In a recent storm, a naval mine exploded on the shore near Odesa, damaging a small resort, according to Ukraine’s Operational Command South.
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The mine drifted ashore in the village of Sychavka, according to the Odessa Journal, and damaged the resort’s dock and its buildings. “Only due to restrictions on access to the facility, there were no people there and no one was injured,” said Operational Command South in a statement.
Another drifting mine was reportedly detected and destroyed without causing harm.
It is the latest in a series of drifting sea mine incidents caused by a combination of rough winter weather and large-scale employment of bottom-fixed mines in the northwestern Black Sea. Both Ukraine and Russia have deployed tethered contact mines in the region, and these explosive devices can go adrift if they break their moorings.
???? A Russian sea mine exploded near Odessa during a storm
The footage shows that coastal houses have been damaged.#UkraineRussiaWar #NAFO #UkraineFrontLines pic.twitter.com/aTgd2WRozw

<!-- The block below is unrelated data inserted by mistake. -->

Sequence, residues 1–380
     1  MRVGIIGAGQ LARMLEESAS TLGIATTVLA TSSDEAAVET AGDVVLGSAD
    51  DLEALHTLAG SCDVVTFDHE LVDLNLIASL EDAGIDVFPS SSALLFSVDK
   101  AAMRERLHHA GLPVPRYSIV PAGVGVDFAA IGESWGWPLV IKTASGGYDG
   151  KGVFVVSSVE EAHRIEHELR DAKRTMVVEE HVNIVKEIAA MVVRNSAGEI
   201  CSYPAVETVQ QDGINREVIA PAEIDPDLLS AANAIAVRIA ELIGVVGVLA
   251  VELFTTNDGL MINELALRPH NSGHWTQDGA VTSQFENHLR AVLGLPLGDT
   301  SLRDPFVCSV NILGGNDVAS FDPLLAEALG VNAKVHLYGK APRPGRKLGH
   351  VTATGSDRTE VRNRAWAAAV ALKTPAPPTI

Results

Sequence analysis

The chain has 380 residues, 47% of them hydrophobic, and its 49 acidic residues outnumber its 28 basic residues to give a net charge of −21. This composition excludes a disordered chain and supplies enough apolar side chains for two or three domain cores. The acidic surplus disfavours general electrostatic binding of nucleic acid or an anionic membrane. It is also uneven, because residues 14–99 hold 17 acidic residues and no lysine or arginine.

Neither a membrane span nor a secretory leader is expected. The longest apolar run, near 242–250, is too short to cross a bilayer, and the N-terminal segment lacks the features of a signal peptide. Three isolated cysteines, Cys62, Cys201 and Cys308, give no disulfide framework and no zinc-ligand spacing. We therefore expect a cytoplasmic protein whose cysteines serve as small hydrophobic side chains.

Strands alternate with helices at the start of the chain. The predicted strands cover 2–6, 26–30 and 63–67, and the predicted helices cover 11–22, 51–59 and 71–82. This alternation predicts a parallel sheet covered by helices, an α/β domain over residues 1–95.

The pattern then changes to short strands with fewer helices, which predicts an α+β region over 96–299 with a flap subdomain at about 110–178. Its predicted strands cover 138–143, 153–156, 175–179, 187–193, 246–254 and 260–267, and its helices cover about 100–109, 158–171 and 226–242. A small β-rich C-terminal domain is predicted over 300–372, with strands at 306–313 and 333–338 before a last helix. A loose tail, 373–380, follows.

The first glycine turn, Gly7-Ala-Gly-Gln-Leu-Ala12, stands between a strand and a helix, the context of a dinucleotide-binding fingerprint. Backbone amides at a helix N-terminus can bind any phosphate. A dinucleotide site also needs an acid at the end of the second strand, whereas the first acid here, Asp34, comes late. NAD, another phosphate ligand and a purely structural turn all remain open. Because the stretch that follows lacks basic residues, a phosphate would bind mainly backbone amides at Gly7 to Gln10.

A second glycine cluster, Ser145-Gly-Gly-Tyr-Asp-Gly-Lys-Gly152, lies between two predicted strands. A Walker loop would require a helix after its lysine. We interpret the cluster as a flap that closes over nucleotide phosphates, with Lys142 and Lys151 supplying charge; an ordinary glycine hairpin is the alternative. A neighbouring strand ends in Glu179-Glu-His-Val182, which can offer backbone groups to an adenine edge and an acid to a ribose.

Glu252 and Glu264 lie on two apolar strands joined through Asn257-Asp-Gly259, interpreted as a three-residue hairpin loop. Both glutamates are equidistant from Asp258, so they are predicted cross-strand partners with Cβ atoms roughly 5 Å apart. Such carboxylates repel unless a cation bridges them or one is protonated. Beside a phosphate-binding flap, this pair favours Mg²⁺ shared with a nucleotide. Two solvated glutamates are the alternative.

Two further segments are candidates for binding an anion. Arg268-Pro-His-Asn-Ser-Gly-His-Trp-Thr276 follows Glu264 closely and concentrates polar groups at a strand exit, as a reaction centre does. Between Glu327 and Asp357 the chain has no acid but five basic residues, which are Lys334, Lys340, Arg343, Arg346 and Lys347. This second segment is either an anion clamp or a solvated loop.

— Ukraine War Now ? (@uarealitynow) March 26, 2023
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To date, coastal states have destroyed more than 40 drifting sea mines since the beginning of the Russian invasion, primarily in the western Black Sea off Romania, Moldova, Bulgaria and Turkey.
At least one drifting mine made its way as far east as the coast of Georgia, hundreds of miles from the conflict zone. In February, a contact mine floated into the surf zone on the waterfront in Batumi and exploded in front of beachgoers. No injuries or material damage were reported.
The exact source of the drifting munitions is difficult to determine, as both Ukraine and Russia possess the same Soviet-made YaM contact mine. Further complicating attribution, analysts say that Russia may be in possession of some of the Ukrainian Navy’s stock of mines, since Russian forces captured the Ukrainian-controlled naval base at Sevastopol in 2014.